“Families Forever” Project Increases Adoption Awareness in South Carolina
Francine Bailey is an assistant editor of The Affiliate and an associate in the Chicago, Illinois firm of Bellows & Bellows P.C.
This year, the Young Lawyers Division of the South Carolina Bar is going back to basics. Basic values, that is. They have chosen to focus on the family. As part of this focus, the Young Lawyers Division has initiated a project called “Families Forever,” whose goal is to increase adoption awareness across the state, both among attorneys and in the general public.
The “Families Forever” project offers South Carolina residents the opportunity to learn about every stage of the adoption process from professionals. Led by Young Lawyers Division President Tiffany Spann-Wilder, the “Families Forever” project offers education for attorneys and adoption opportunities for the general public. Spann-Wilder first thought about the program when she was Secretary-Treasurer of the Young Lawyers Division. She told The Affiliate that based on her own experiences she could see a need within the community for more information about adoption. The following year, as incoming president, Spann-Wilder hoped to launch a program that touched the community. That hope resulted in the “Families Forever” project, which was launched this year.
In October, the “Families Forever” project hosted an educational program entitled “Creating Families Forever: The How to of the Adoption Process,” geared toward preparing attorneys to assist the public. Various professionals discussed the stages of the adoption process in South Carolina, with attorneys discussing the state’s adoption laws. Attendees heard about the pros and cons of adoption through agencies versus by private entities. In addition, speakers discussed the importance of adoption home studies to determine the best fit with a family and whether to place a child, as well as how the need for them often goes unfulfilled. In essence, the goal of the program was to educate attorneys on how to best serve the public in the area of adoption.
“This is probably one of the only CLE programs offered where all of the speakers were not necessarily attorneys,” emphasized Spann-Wilder. Program speakers included attorneys who talked about the adoption process from a legal standpoint, the director of the local children’s law center that trains attorneys to be guardian ad litems, and licensed social workers and certified adoption counselors who discussed their respective roles in the adoption process.
The continuing legal education class offered a breadth of information to educate attorneys about adoption and to encourage them to get involved by either becoming guardians ad litem or completing home studies, areas where there is always need.
Informing the Public
The second component of the “Families Forever” project involves creating public awareness about adoption, which will be accomplished through Family Fairs held throughout the state. The Family Fairs provide information about adoptions, both domestic and international, and offer advice in one place about each phase in the adoption process. Participants are also able to gather data about adoptions through the South Carolina Department of Social Services, as well as through private entities. Participation in the Fairs is free of charge to area residents.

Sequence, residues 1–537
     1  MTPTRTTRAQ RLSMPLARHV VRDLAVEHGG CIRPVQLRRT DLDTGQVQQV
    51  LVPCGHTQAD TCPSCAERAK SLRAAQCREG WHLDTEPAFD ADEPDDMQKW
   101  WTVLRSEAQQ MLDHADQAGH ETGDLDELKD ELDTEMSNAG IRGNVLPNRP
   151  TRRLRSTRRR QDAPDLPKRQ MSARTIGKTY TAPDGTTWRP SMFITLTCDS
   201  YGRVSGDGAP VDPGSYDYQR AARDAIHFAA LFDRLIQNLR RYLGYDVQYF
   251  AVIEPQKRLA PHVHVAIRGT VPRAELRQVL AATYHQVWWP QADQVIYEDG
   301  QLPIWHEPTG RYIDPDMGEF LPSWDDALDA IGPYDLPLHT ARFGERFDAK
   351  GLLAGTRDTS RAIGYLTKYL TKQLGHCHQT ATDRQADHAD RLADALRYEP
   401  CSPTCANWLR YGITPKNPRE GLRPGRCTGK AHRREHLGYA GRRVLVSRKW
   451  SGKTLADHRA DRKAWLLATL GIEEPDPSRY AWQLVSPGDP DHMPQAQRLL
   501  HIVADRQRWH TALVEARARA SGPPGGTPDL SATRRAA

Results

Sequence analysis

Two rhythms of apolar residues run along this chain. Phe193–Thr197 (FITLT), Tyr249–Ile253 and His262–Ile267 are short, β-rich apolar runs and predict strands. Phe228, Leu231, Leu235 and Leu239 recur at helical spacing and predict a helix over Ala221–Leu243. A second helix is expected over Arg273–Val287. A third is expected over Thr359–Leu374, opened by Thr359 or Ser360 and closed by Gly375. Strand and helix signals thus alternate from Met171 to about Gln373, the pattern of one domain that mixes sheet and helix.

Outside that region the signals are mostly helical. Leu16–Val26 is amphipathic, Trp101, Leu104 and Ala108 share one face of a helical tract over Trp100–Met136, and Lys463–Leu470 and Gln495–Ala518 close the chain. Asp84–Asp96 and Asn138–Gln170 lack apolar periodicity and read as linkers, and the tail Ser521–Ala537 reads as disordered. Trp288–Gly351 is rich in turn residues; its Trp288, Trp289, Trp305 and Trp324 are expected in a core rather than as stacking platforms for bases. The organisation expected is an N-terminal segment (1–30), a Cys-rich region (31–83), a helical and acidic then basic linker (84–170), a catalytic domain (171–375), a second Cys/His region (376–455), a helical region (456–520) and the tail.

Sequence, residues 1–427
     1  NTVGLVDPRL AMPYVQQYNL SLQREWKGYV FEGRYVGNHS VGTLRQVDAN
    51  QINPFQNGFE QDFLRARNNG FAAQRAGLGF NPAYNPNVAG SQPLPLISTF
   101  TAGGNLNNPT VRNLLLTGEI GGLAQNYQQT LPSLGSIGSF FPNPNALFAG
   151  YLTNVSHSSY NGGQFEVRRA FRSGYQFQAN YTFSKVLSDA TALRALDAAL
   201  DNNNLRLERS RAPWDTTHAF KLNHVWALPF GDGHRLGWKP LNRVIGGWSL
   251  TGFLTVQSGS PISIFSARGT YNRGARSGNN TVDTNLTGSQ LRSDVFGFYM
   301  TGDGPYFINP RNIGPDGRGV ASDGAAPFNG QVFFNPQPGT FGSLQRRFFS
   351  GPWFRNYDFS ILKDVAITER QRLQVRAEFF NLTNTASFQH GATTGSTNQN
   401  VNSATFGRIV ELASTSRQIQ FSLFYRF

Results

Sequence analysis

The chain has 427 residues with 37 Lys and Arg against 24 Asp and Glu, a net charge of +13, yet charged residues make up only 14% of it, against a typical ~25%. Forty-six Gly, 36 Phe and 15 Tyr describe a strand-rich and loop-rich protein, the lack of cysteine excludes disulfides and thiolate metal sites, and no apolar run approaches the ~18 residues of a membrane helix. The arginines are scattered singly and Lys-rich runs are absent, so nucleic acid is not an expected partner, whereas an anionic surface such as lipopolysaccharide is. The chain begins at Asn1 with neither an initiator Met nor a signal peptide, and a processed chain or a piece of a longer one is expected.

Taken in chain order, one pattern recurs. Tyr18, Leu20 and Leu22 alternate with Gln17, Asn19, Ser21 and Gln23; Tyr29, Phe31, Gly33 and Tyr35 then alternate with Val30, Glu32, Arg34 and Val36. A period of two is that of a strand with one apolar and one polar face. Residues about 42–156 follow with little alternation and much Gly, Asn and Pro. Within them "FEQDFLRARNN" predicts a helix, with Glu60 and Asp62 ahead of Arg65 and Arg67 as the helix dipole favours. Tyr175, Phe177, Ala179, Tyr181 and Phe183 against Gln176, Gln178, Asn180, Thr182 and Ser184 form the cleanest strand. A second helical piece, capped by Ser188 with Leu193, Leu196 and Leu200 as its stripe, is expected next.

At the Family Fairs, attendees can make contact with a wide variety of professionals who might be needed throughout the various stages of the adoption process. Attorneys, adoption specialists, adoption investigators, and representatives from adoption agencies are on hand at the Fairs. Families attending the Fairs also have the opportunity to become qualified by an adoption professional.
The first Family Fair was held on November 22, 2008, in Columbia, South Carolina. Though attendance was less than expected, Spann-Wilder considers the first Family Fair a success. Thanks in part to the Fair, a couple recently welcomed a newborn baby into their lives. The baby was born on January 6, 2009. Another couple hoped to adopt older children; through the first Family Fair, this couple has found a family of five children. Those involved with the “Families Forever” project couldn’t be more excited. “From that event alone, six children will have a family because of our project,” Spann-Wilder told The Affiliate.
At press time, the next Family Fair was scheduled for Saturday, January 10, 2009, in Charleston, South Carolina. The final Fair is planned for February 21, 2009, in Greenville, South Carolina. The hope is that based on this schedule the programs will reach more people in several areas of the state.
Riding on the success of the first Fair, participating vendors have sent information out to families interested in adoption to invite them to the second and third Family Fairs. Based on buzz and excitement around the first Fair, Spann-Wilder expected as many as fifty interested families to come to the fair on January 10, 2009.
Looking to the Future
When asked if she expected the project to continue next year, Spann-Wilder didn’t hesitate to say yes. This is an important project that has educated and inspired many people. One of the participating vendors already has an informational fair specializing in international adoption. Spann-Wilder hopes that next year the two fairs will combine to give families one place to gather information. There may be the opportunity to add a one-hour education component to the Family Fairs as well.